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Dresden’s Meals on Wheels Program Delivers More Than Just Food

Members of the community are making a difference, delivering meals to families in need, along with smiles. Local volunteers with the Meals on Wheels program include (L to R) Llew Wade, Judith Wade, Nancy Williams, Linda Akers, Beth Adams and Roberta Peacock.

By Judith Pritchett Wade

Special to The Enterprise

Since the first delivery of Meals on Wheels in 1954 by a compassionate small group in Philadelphia, Meals on Wheels America has had a single goal: to support its senior neighbors and help extend their independence and health as they age.

Today, 5,000 local Meals on Wheels programs throughout the country make Meals on Wheels America one of the nation’s largest and most effective social movements. More than 40 percent of the recipients live in poverty; 64 percent are women; and 20 percent are veterans; and 9 out of 10 say the service improves their health.

In Tennessee, funding for M.O.W. comes from the federal Older Americans Act of 1965 to the Tennessee Commission on Aging and Disability. Tennessee divides these federal funds among nine area agencies throughout the state; and these nine agencies work locally to help provide the meals for seniors.

Dresden’s Meals on Wheels program, based at the Weakley County Office of the Aging, is served and funded in part by Tennessee area agency #7, the Northwest Tennessee Human Resource Agency in Martin (NWTHRA), and Dresden also receives funds from the Weakley County Government.   NWTHRA Nutrition Staff Director James Moore uses Valley Food Services, Inc. in Milan to provide meals to the Dresden Commission on the Aging that are delivered in Dresden, Latham and Gleason.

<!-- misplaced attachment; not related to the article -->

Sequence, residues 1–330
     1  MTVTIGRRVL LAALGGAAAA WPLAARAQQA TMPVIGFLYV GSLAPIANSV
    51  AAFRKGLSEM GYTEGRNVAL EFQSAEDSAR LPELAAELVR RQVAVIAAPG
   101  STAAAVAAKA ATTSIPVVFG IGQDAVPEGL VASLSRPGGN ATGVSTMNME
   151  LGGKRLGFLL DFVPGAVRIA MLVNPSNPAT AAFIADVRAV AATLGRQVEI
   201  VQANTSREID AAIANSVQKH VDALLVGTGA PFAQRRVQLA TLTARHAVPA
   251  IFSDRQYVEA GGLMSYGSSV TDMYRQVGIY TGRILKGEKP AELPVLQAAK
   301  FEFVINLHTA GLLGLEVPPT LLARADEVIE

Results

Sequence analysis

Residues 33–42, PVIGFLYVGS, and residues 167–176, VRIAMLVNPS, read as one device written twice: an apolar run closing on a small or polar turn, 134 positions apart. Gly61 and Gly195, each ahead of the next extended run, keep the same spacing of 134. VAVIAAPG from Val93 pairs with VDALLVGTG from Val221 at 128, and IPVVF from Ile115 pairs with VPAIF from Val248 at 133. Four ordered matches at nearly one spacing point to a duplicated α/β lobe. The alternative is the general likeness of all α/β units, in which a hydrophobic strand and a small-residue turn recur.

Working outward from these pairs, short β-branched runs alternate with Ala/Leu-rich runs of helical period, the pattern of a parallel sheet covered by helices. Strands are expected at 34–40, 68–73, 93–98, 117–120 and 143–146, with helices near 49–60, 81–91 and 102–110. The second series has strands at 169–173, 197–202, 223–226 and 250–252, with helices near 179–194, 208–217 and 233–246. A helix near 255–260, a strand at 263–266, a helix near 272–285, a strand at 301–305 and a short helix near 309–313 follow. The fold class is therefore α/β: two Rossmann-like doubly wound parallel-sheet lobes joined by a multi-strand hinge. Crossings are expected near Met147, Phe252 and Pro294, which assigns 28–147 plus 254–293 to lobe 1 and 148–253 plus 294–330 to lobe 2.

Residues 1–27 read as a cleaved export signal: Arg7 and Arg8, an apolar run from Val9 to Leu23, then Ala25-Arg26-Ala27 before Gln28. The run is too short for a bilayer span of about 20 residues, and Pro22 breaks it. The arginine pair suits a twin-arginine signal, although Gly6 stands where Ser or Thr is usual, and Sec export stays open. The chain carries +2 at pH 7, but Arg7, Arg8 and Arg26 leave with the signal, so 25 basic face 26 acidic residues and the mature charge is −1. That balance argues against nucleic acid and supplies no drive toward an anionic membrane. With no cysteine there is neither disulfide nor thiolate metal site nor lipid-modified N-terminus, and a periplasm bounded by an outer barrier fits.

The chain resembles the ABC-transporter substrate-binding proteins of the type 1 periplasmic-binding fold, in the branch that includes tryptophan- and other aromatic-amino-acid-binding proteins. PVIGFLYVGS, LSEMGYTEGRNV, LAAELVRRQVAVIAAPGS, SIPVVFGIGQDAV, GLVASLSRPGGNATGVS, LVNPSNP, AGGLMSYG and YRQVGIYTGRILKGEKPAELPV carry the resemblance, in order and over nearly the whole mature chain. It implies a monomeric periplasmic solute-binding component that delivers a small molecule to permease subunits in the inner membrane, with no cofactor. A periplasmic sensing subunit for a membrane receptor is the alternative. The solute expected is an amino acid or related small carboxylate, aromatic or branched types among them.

On public holidays, however, when the Dresden center is closed, volunteers from the First United Methodist Church deliver home-prepared Meals on Wheels.  The Methodist Church began its mission with M.O.W. in 1996 and continues to deliver food, compassion, and care to its aging neighbors today, even with the pandemic diminishing the number of volunteers and the December tornado destroying the church building.  Seven local church members work from one of their homes to supply a nutritious meal to approximately 30 deserving recipients on holidays. With each delivery, these seniors get a quick safety check and much-needed human connection on holidays when it is often the most needed.

Sadly, however, M.O.W. America feeds only 2.4 million (27 percent) of the 9 million seniors in the country who are struggling with hunger. In addition, it is predicted that the senior population in America will double by 2050. Families are spreading out; and many older parents with financial and physical limitations are being left behind, struggling to prepare and/or shop for food.

Both Keita Cole, state Director of Aging Nutrition, and the area’s Director of Nutrition James Moore in Martin report a need for local donors and volunteers. Those interested in donating, volunteering, or requesting services may contact the area NWTHRA central office in Martin at 1-800-750-6866.

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